Keith Morris – Beneath the Surface

Although a huge and committed fan of all sorts of music – which extended to opera in later life – Keith Morris had several other consuming passions, the greatest of which was diving. Having maintained a rigorous fitness regime ever since his schooldays (he was runner-up in the 1955 National Youth 1500 metre race), as a teenager he developed a passing interest in scuba-diving. By the mid-seventies however, Keith was taking it much more seriously and with his typical energy and determination he moved quickly up the ranks of the British Sub-Aqua Club to become a national instructor, coming top of his year at the age of 50.

keith morris divingHe was a pioneer in deep diving, regularly diving to depths usually considered dangerous for air-breathing divers, and he particularly favoured diving in moving water, the faster the better. He regularly dived the Corryvreckan in Scotland, and especially enjoyed diving ‘races’, where the tide moving round a headland accelerates, and being underwater can be like being in a washing machine. Unsurprisingly perhaps, given his past achievements, he also took up long distance running, regularly finishing the London Marathon in under 3hrs 30mns to attain Elite Group status well into his sixties.

Eventually of course music photography and diving crossed paths: Richard Bull, bassist with one of Keith’s favourite Essex bands, the Kursaal Flyers, was into diving around the same time as Keith but as he later recalled, “incredibly, he didn’t know I was a diver and I didn’t know he was until we bumped into each other at a BSAC first class theory exam in 1985 – well the other bloke propping up the bar in the Marquee Club couldn’t be a diver, could he ?”

Bull, like Keith, was a pioneer of ‘technical diving’, which adds helium to the traditional oxygen and nitrogen, permitting descents below 65metres when normal air mixture usually becomes toxic. By the late ‘eighties Keith was at the cutting edge of this technology and also an early exponent of the ‘re-breather’ valve system which re-circulates the gases by expelling the noxious CO2, thus enabling him to spend longer periods visiting the deep sea wrecks that fascinated him.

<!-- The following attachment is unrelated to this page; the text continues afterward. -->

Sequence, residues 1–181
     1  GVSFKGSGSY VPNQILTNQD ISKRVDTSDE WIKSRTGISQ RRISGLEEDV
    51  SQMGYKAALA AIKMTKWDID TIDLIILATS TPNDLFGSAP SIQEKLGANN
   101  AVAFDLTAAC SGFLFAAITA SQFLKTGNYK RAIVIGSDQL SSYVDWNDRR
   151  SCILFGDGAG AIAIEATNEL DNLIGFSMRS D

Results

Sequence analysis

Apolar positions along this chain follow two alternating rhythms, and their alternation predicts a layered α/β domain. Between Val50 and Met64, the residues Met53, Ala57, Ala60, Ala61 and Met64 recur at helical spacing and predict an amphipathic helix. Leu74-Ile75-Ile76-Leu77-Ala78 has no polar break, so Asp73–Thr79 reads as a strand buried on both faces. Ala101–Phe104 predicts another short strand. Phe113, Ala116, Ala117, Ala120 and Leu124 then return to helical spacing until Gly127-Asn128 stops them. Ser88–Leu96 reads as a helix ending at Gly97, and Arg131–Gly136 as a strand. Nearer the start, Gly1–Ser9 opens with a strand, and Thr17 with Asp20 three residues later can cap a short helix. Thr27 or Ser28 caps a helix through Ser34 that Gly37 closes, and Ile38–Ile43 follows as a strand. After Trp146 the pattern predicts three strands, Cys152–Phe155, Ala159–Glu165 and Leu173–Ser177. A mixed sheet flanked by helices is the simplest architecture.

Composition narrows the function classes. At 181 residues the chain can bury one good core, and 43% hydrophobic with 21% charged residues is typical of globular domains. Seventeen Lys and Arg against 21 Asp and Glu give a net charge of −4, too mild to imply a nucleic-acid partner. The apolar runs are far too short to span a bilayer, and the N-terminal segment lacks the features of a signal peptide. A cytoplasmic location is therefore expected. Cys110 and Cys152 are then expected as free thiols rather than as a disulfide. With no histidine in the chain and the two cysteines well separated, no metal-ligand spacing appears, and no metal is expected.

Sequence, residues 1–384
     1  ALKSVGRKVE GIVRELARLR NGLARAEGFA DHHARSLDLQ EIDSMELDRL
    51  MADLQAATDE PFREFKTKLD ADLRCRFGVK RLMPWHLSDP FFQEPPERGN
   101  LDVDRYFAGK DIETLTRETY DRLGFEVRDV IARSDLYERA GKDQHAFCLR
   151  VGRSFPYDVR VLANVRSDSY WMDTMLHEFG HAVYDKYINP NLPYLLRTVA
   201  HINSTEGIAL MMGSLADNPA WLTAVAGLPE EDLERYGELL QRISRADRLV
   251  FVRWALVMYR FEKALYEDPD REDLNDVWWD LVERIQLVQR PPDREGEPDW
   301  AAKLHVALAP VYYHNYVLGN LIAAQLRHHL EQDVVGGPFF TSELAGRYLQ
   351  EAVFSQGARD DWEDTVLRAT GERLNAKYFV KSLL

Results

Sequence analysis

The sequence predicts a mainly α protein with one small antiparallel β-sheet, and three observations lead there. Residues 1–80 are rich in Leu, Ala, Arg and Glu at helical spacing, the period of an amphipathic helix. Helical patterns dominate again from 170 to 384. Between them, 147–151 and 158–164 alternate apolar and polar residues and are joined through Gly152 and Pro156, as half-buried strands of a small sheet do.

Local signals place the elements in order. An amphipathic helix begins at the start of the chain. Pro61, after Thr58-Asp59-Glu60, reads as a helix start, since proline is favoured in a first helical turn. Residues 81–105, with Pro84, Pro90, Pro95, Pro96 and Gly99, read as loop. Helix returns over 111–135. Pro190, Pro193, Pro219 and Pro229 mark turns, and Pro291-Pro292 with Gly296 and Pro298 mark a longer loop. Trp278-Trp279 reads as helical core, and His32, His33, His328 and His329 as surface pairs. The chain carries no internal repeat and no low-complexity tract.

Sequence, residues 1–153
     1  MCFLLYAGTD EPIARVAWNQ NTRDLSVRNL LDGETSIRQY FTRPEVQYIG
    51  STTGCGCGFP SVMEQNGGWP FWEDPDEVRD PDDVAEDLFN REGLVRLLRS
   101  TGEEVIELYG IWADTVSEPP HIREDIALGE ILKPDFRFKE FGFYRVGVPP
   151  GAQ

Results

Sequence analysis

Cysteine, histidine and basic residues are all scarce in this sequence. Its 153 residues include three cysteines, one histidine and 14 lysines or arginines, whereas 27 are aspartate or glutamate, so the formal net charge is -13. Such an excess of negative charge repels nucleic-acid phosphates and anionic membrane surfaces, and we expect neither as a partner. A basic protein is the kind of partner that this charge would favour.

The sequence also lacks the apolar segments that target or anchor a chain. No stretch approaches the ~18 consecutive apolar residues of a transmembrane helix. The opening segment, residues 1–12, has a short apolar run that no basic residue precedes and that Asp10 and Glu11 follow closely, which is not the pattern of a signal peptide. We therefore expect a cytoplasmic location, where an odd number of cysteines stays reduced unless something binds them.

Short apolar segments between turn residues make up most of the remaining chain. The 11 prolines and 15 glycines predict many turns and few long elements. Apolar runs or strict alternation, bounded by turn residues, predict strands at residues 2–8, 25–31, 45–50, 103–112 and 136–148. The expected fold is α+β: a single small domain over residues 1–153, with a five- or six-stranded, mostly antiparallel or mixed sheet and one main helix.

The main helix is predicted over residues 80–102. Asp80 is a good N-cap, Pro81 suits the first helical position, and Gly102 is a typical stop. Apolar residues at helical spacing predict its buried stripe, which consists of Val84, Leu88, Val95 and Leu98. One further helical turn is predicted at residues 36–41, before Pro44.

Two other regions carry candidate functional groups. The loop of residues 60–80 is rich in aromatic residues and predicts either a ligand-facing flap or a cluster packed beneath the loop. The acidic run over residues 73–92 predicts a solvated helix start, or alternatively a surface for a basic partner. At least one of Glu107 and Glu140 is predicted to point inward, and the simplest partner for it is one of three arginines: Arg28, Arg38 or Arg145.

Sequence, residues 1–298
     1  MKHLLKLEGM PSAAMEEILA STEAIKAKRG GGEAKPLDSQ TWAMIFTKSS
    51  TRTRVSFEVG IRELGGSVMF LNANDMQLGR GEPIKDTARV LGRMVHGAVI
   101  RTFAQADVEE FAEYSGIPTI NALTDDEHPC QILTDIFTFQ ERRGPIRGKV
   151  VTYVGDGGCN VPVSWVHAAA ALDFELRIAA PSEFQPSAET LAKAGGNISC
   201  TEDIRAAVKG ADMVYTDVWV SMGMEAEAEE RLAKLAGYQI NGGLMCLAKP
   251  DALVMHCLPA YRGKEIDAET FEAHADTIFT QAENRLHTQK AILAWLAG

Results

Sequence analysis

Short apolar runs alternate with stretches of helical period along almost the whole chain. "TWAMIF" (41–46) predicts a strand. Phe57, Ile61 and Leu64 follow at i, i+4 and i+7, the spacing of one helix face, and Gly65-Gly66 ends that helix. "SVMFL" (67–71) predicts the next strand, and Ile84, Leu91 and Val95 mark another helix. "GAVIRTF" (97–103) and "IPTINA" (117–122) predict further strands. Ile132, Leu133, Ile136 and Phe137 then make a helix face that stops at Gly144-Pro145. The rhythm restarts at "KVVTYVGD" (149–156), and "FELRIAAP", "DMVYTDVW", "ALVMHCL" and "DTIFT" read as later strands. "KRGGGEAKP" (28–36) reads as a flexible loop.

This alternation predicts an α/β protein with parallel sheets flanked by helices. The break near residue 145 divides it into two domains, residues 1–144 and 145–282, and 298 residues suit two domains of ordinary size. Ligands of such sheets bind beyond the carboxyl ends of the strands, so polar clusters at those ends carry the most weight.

keith morris divingIn 2002 he acted as technical guru for a team that located HMS Manchester 82m below the coast of Tunisia, which was featured in an HTV/Carlton tv documentary, and the previous year he led a project to find and investigate the WW11 wrecks of HMS Limbourne and Charybdis in the English Channel. Inevitably of course his expertise as both diver and photographer was dovetailed into a book, ‘Exploring Shipwrecks’, produced with Peter Rowlands in 1993.

And as his friend and ex-diving student, Simon Cockshutt observed, “One could say a lot more about Keith’s diving, but a few memories stand out. He was intensely competitive, and was proud – although wouldn’t openly admit it – of winning the Wilkinson Sword of Honour for his BSAC NI exam, during which he made a point of doing more than required for the exam: one test was to tread water in a swimming pool while holding a two kilo weight above the head for I think a minute. Keith told me he made a point of doing it for two minutes, and asked the examiners if he could do it for longer!